In the United States, judge-made doctrines of inequitable conduct in the Patent Office which could render a patent unenforceable have been a significant factor in increasing the cost and length of patent litigation in that country. In Therasense v Becton, Dickinson,1 the United States Court of Appeals for the Federal Circuit referred to the inequitable conduct doctrine as the "atomic bomb" of patent law.
In Canada, we have to date been largely spared the negative effects of such a doctrine.
Prior to 1996, it was settled that, in the absence of proof of fraud, the validity of a patent could not be challenged on the basis of failings of or on behalf of the patentee during prosecution of the patent application and in no case was enforcement of the patent refused on the basis of "inequitable conduct" during the patent application process.
As part of extensive amendment of the Patent Act effective October 1, 1996, section 73(1)(a) was introduced. It provides that an application for a patent in Canada shall be deemed to be abandoned if the applicant does not reply in good faith to any requisition made by an examiner in connection with an examination, within six months after the requisition is made or within any shorter period established by the Commissioner. An application which is deemed to be abandoned can be reinstated if the applicant requests reinstatement, takes the action that should have been taken in order to avoid the abandonment, and pays the appropriate fee within 12 months from the date of deemed abandonment.2
Two decisions of the judges of the Federal Court3 asserted a more general duty of good faith, supported in part by the reference to "good faith" in s. 73(1)(a), raising the spectre that we were headed down the US–style road of battles over the prosecution of the patent application in Canadian patent litigation.
In Weatherford v Corlac,4 the Federal Court of Appeal affirmed a decision of another Federal Court judge that s. 73(1)(a) was applicable only while the application was in the Patent Office and did not provide a post-grant basis for finding a patent to have been deemed to be abandoned.
This was a highly welcome decision. Patent litigation can be long and expensive as it is without introducing into Canadian law challenges based on patent prosecution acts or omissions which do not rise to the level of fraud.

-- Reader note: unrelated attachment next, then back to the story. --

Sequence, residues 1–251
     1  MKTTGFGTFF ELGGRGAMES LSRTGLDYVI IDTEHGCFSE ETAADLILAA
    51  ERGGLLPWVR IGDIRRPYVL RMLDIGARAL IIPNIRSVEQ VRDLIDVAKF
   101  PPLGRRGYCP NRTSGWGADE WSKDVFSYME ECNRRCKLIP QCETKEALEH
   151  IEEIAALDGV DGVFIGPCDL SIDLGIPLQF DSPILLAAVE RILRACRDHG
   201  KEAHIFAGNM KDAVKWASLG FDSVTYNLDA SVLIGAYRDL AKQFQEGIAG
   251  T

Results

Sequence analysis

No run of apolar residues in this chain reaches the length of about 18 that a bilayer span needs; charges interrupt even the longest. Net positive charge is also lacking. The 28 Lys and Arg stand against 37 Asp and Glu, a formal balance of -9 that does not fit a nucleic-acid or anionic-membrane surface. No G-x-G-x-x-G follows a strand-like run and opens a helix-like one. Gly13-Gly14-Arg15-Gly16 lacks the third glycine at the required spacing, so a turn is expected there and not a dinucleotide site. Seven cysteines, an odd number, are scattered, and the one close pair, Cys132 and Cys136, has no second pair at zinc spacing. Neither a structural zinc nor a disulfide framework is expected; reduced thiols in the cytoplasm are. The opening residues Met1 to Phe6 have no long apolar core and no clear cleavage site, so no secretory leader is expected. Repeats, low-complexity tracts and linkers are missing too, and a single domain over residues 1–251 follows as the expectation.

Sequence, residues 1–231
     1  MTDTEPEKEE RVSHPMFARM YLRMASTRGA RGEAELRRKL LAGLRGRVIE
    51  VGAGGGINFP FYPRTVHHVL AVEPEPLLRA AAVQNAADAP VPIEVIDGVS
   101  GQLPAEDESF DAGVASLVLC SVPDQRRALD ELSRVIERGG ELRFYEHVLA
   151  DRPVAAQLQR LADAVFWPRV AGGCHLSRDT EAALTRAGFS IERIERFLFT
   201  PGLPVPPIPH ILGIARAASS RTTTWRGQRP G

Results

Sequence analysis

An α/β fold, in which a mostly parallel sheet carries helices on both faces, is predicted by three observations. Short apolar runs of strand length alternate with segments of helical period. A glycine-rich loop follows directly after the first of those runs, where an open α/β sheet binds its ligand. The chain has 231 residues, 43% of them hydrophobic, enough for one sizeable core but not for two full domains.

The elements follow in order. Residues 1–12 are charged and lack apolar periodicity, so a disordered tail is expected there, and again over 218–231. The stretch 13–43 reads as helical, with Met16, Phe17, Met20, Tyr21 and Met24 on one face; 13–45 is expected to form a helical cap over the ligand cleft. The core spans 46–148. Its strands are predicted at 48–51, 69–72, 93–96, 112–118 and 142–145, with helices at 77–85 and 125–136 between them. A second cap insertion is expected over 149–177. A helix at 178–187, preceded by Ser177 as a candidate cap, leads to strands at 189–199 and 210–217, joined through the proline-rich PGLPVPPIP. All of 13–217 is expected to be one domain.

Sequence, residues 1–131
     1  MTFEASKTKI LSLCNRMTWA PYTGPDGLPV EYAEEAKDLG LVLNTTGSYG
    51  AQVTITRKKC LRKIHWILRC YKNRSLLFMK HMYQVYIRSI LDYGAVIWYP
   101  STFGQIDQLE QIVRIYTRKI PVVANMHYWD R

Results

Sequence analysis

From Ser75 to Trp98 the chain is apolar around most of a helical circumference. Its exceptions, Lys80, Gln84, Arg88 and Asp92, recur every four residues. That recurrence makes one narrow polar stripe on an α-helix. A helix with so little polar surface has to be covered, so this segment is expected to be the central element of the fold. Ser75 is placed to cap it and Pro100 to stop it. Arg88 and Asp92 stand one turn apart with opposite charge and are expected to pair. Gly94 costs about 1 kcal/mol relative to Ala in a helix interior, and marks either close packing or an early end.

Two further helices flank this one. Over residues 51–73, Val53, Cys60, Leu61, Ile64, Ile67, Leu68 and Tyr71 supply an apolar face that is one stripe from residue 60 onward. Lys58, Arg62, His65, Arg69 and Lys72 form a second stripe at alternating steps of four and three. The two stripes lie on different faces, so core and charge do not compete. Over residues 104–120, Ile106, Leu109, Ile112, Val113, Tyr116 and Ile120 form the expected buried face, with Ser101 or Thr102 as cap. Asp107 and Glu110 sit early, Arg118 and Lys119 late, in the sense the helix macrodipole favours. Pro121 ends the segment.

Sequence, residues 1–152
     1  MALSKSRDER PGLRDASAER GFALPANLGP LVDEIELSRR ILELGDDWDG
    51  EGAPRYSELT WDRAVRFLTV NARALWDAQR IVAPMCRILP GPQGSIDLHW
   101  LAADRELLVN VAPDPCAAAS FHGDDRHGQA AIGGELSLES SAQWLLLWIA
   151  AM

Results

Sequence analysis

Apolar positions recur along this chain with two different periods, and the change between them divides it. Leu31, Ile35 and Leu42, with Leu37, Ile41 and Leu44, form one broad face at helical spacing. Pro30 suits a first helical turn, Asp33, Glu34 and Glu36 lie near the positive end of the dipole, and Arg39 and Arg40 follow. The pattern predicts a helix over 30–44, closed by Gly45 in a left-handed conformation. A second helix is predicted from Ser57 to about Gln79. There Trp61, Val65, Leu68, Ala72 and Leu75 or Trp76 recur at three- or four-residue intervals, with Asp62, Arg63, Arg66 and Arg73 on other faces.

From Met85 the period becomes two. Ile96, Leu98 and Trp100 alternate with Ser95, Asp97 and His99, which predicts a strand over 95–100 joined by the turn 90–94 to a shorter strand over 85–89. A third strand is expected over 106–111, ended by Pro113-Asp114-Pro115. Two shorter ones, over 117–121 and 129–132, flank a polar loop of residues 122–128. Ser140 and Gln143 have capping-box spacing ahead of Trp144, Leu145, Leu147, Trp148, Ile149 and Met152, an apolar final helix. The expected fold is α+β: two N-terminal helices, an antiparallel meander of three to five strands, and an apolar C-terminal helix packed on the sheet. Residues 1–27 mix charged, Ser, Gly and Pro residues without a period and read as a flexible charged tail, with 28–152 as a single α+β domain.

However, an application for leave to appeal to the Supreme Court of Canada from the decision of the Federal Court of Appeal has been filed.5 Thus it remains to be seen whether the Supreme Court will take up this issue or leave it as determined by the Federal Court of Appeal.
It has long been held that defects in the prosecution could not affect the validity or enforceability of an issued patent in the absence of fraud. In Fada Radio Limited v Canadian General Electric,6 Anglin CJC confirmed this view:
… [W]e are satisfied that any insufficiency in the material on which the Commissioner acts … cannot, in the absence of fraud, which in this instance has not been suggested, avail an alleged infringer as a ground of attack on a new patent issued under s. 24. It is not a "fact or default, which, by this Act, or by law, renders the patent void" (Patent Act, s. 34). The recital of the patent that the applicant as assignee of the Langmuir patent no. 196,390, "has complied with the requirements of the Patent Act" is conclusive against the appellant in the absence of fraud.
The wording of the current patent grant is similar. It states: "The requirements of the Patent Act have been complied with."
The principle set out in Fada Radio was applied to preclude an allegation of failure to disclose to the examiner that certain claims had been rejected in the United States7 and an allegation that the applicant failed to disclose to the Patent Office some allegedly relevant prior art during the prosecution of its patent application.8